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2016年11月02日

Psycho Therapy in Japan : Morita Therapy

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About Psycho Therapy in Japan


Do you know the most Japan's famous psychotherapy?

Morita Therapy is one of the most interest psychotherapy.

It was created by Dr Shoma Morita, the founding professor of the Department of Psychiatry at Jikei University School of Medicine in Japan around 1920.



It is very unique in its understanding of the mechanism of anxiety and its treat methods.

Tree major characteristics of Morita Therapy opinions: 


1) he sees anxiety as one of the natural feelings that every human has.
 
2) People become anxious because they desire to perform well and feel afraid of failing and making mistakes. 
In Morita Therapy, anxiety and people's desires to live good lives are considered as two sides of the same coin - they are both natural feelings for human beings.
By understanding this mechanism, patients can get out of this vicious circle between attention and intensified feelings. 

3) Consequently, people get better when they stop trying to eliminate anxiety and fears rooted in their symptoms and when they accept these feelings  as their natural feelings.

With Morita Therapy, patients lean to accept anxiety as it is (Japanese "Arugamama"), capitalize on their characteristics and potentials, and actualize their desires to live good personal and social lives.

How can they leave the vicious circle?


Morita thinks people have desires to "live a good life", so they worry and become anxious; anxiety is a reflection of our desires for good lives.

By accepting anxiety as it is, they can leave behind their mind set that is fixated on their symptoms and start using their energy and resources in order to work out their desire more effectively and realistically.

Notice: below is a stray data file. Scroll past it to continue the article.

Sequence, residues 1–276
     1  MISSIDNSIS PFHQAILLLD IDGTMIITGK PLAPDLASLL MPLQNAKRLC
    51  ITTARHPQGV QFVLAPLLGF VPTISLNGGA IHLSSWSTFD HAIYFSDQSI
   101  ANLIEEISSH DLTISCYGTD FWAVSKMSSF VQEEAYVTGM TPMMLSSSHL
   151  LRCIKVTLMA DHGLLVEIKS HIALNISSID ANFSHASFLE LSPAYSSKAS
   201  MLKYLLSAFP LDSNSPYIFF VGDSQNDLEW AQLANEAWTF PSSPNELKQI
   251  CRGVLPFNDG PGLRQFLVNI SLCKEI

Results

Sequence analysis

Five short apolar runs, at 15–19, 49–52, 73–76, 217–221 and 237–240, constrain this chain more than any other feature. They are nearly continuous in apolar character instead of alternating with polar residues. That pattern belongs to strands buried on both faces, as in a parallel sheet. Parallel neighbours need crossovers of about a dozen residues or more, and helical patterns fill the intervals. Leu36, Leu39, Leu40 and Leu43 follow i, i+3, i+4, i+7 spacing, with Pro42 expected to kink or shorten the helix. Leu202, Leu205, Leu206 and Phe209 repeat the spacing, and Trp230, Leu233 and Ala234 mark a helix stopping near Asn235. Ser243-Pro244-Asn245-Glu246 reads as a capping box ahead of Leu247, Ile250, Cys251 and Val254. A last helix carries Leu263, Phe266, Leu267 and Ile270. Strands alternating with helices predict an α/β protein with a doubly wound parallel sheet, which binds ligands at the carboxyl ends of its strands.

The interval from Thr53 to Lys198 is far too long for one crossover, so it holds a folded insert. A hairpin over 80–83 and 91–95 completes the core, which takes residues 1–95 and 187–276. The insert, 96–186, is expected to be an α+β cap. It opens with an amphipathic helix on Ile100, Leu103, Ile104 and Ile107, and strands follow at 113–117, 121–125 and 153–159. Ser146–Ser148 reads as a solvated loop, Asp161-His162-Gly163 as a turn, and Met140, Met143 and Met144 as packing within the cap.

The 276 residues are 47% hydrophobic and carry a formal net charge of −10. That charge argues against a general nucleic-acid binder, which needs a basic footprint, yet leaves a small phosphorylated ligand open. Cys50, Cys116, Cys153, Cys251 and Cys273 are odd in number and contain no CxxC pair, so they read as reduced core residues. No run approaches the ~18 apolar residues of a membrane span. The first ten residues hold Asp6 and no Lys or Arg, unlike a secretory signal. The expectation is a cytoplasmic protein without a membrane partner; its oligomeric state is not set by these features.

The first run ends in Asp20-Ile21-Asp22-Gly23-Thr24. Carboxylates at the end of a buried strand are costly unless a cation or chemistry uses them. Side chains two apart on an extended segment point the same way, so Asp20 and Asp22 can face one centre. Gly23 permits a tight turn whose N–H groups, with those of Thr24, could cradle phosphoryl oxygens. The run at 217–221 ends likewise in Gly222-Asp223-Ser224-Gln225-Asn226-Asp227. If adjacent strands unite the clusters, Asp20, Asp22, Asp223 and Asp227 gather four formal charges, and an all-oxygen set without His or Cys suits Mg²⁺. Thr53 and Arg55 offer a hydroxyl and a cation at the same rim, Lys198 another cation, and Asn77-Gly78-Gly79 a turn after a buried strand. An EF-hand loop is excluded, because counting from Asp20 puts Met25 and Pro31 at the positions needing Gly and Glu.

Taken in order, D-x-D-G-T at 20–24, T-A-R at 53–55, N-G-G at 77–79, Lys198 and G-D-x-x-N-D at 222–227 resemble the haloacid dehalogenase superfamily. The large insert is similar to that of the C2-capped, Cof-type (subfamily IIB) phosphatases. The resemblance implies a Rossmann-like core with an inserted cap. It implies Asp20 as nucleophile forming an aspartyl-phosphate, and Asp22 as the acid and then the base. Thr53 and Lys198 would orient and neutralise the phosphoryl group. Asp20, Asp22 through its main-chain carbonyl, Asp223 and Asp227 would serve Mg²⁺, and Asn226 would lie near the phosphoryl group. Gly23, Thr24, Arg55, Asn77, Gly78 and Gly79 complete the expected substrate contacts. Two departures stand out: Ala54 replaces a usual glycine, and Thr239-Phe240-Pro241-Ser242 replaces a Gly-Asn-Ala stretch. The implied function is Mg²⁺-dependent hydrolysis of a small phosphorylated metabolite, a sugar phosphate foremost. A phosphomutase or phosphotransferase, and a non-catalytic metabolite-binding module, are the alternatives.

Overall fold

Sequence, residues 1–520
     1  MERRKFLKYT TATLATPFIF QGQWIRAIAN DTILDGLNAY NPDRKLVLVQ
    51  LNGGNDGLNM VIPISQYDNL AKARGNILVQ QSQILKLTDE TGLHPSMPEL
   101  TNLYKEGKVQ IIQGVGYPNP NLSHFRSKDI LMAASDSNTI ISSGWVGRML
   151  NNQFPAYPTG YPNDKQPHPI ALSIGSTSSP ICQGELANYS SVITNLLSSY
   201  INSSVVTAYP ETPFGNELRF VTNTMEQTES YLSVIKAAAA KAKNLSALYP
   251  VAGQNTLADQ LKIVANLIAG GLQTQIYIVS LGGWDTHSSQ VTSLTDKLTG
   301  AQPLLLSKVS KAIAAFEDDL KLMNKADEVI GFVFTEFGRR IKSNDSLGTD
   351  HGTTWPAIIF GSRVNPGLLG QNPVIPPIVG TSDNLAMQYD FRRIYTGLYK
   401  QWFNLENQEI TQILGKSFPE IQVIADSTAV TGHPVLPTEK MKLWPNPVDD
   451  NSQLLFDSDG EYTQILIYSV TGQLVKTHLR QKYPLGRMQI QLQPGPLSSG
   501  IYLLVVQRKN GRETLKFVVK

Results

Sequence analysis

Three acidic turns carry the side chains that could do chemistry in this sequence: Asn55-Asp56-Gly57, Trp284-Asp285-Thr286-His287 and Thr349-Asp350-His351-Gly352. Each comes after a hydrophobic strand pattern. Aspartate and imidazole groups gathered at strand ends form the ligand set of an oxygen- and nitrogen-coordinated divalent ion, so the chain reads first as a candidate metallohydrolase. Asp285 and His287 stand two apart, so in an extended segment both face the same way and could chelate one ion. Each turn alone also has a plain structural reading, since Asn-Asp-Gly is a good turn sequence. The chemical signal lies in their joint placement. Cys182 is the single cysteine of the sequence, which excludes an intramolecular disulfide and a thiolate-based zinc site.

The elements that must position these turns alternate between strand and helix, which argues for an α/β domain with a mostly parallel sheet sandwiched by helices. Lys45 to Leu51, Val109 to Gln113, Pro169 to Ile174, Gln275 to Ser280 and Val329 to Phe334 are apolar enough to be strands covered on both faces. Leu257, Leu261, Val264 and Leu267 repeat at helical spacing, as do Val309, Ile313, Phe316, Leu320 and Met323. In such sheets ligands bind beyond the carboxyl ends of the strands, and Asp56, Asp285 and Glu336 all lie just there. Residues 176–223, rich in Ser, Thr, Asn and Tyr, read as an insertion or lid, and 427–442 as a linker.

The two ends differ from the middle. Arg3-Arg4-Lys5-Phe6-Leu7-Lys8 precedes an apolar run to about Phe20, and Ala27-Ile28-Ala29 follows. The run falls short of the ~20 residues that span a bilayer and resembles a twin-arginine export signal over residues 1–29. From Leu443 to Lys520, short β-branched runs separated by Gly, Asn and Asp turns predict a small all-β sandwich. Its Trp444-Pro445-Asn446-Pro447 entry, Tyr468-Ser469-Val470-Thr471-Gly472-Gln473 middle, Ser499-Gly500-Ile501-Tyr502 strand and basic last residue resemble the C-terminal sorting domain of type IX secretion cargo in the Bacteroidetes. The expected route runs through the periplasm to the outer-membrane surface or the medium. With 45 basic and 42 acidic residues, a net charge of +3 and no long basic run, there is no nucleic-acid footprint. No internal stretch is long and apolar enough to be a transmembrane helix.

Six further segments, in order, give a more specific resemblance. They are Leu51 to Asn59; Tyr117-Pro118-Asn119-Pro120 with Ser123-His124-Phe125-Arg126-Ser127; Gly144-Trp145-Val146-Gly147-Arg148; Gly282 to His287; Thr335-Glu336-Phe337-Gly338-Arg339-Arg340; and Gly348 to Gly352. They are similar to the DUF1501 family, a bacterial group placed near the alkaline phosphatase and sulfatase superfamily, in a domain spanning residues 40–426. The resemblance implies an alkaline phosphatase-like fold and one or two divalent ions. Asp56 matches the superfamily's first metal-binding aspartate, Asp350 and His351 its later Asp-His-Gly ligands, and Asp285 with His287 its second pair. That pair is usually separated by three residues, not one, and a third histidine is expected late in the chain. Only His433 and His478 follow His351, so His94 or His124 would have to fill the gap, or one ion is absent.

What is Morita Therapy Inpatient treatment like?


First Stage: Isolation and Bed-Rest Stage


morita therapy sleep
The patients, in principle, spend a week in isolation. 
While they rest for a week, many thoughts and feelings may come up in their minds, but they are advised not to act on eliminating them and to take them as they are


Second Stage: Light Occupational Work Stage


The patients go out of their rooms into the fresh air after First Stage.
They spend most of their time making observations on the environment and being involved in light individual work (such as wood-carving and ceramic art) for five days. 
They are advised to do what they need to do without being swept away by their moods and symptoms.


Third Stage: Intensive Occupational Work Stage


The patients work and cooperate with other members of the inpatient unit in doing chores and taking care of animals, plants, and flowers. 
Every month they also have events such as excursions, sports, and parties. 
Patients are the ones who do the planning and take leadership of these events, and in doing so, they get opportunities to learn to cooperate with others and take leadership roles.
In Third Stage, it is important to get actively involved in what they need to do in their daily activities and chores no matter how they are bothered by their anxiety and symptoms.
By concentrating on what they are doing., they can leave their fixations on their uncomfortable feelings and symptoms, and realize their desires to live good lives that they have in their inner selves in more constructive and realistic ways.


Fourth Stage: Preparation for Going Back to their own Daily Life


The patients take a week to a few weeks for preparation to get back to their society.
Doing the Fourth Stage, they can go home, spend a day to a few days at home, visit their work and make necessary arrangements for life if needed.
They can try to do how they can manage the anxiety and worries they had prior to starting the inpatient treatment. 
This process enables them to return to their own living environments as smoothly and adaptively as possible.

Morita Therapy is good for: 


1) Social Anxiety Disorder
2) Panic Disorder
3) Obsessive Compulsive Disorder
4) Somatoform Disorder
5) Generalized Anxiety Disorder
6) Chronic Depression

Toward
Those who have a strong desire to improve themselves
Those with neurotic characteristics such as being introverted, hypersensitive, perfectionistic, and hating to lose



Quo:http://www.jikei.ac.jp/hospital/daisan/morita/index.html


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